GSA Network’s Racial and Economic Justice Manager, Geoffrey Winder, recently testified before the CA Senate Select Committee on the Status of Boys & Men of Color. In its partnership with the California Endowment and six other youth development organizations, GSA Network represents the needs of young gay-bi and trans young men of color in Los Angeles as they try to address the systemic issues that are setting them up to be pre-prison, not pre-college. The post below is adapted from his testimony and features videos from this important campaign.
I went to school under nearly ideal conditions compared to our youth today – an overachieving, proud, out, young gay boy of color with a supportive family and an engaged school in a suburban community – and I often found the social isolation of being openly gay and brown in a mostly white high school too much to bear. It wasn’t until last year, as an adult, that I found out that my mother called my school every day for two years to make sure that I had attended that day.
But my story, let alone my success, is not typical of GBT boys and men of color in Los Angeles. In California, our youth of color are struggling to succeed by most health and academic achievement metrics. For gay and bisexual young men, and especially for transgender students of color, the barriers to learning and success in school are often compounded by pervasive bullying and violence based on actual or perceived sexual orientation and gender identity. This has serious consequences on students’ health, mental health, and academic achievement.
The California Healthy Kids Survey found that students who are harassed based on actual or perceived sexual orientation are more than three times as likely to carry a weapon to school, more than twice as likely to report depression, more likely to report low grades and more than three times as likely to report missing school in the last 30 days because they felt unsafe. According to the California Safe Schools Coalition’s Preventing School Harassment survey, the majority of LGBT youth of color report sexual orientation-based bullying, and LGBT students of color who are harassed based on both race and sexual orientation are more likely to report feeling unsafe at school, experiences that are linked to lower grades, missing school, and higher drop out rates.
These young people are growing up in the context of a culture that stigmatizes them, peers who harass them, families who often reject them, schools that fail to protect them from harassment and violence, and a set of policies and systems that discriminate against them. The social conditions many of these young men find themselves in are appalling, with 40 percent of the foster and homeless youth populations estimated to be lesbian, gay, bisexual and transgender. GBT youth are over-represented in our youth and juvenile justice systems where they face even worse discrimination, harassment and violence than in our schools. These conditions are not conducive for these young men to live a healthy life, let alone graduate successfully from school. Yet the youth I work with are also incredibly resilient, facing these challenges as some of California’s most courageous and determined students, full of pride in their identities, and with enormous potential to be leaders in California. Our vision for a California in which all young people can thrive and succeed must include gay, bisexual, and transgender young men of color.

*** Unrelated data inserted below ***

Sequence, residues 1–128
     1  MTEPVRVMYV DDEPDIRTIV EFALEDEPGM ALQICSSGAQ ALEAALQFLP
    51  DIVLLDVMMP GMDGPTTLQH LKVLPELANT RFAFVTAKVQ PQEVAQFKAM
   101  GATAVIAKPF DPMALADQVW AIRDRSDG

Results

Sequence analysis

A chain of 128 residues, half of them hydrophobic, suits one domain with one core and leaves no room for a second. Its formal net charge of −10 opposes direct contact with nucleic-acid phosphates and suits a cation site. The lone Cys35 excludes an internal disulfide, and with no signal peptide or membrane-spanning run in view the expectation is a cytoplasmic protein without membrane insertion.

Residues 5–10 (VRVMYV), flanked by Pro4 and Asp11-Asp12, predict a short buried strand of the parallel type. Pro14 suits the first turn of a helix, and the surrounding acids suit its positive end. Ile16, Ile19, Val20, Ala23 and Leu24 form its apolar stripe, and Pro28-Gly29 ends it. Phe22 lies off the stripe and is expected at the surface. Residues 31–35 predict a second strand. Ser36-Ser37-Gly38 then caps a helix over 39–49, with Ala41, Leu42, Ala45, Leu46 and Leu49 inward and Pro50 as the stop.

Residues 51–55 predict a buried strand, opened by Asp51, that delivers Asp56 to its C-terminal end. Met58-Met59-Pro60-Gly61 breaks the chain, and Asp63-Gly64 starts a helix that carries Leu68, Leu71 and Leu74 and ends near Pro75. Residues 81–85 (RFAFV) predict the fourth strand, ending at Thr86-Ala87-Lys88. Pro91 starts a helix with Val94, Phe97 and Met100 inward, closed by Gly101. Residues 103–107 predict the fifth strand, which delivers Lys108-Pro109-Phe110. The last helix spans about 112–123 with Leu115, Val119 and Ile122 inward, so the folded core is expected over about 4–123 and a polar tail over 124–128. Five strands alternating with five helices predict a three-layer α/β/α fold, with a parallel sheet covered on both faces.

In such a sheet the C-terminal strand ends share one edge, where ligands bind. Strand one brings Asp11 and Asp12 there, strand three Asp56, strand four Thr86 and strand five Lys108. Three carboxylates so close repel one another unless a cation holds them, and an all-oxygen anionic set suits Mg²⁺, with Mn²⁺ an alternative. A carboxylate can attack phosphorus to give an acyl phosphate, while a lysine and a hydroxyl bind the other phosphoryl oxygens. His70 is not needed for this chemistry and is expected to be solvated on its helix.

Tragically, we’ve lost many youth to suicide after they suffered relentless bullying in their schools. Of the many high-profile stories of such tragedies in the past year, the vast majority have been young men of color who were openly gay or perceived as gay or gender non-conforming. GBT young men of color are also most likely to be pushed out of school. The experiences of bullying and violence that leave GBT young men of color at an increased risk of not graduating or surviving high school are compounded by harsh, punitive school discipline practices which disproportionately push young men of color out of the public education system and into the juvenile justice system.
In terms of health disparities, the CDC reports that sexual minority youth face challenges such as stigma, discrimination, family disapproval, social rejection, and violence that put them at increased risk for certain negative health outcomes such as HIV, syphilis, and other sexually transmitted infections (STIs). For example, between 2006 and 2009, HIV incidence increased 34% among young MSM and 48% among young, black MSM.
The conditions of gay and bi boys and men of color and our transgender brothers and sisters in Los Angeles could not be more dire, nor can we wait to implement solutions needed to improve their conditions. And we don’t need to wait; the solutions are right before us:
All students, regardless of race, class, sexual orientation, gender identity, gender expression, disability or English language proficiency, have a right to be safe and supported at school for exactly who they are. In order to achieve our vision for a vibrant and strong California, in which all Californians are embraced and GBT boys and men of color can develop as leaders, we need to envision California schools as “health homes” for students in which they will be able access safe, comprehensive and confidential health, sexual health and mental health services. GBT students need all school reform efforts to include school climate transformation that will allow their multiple identities to thrive.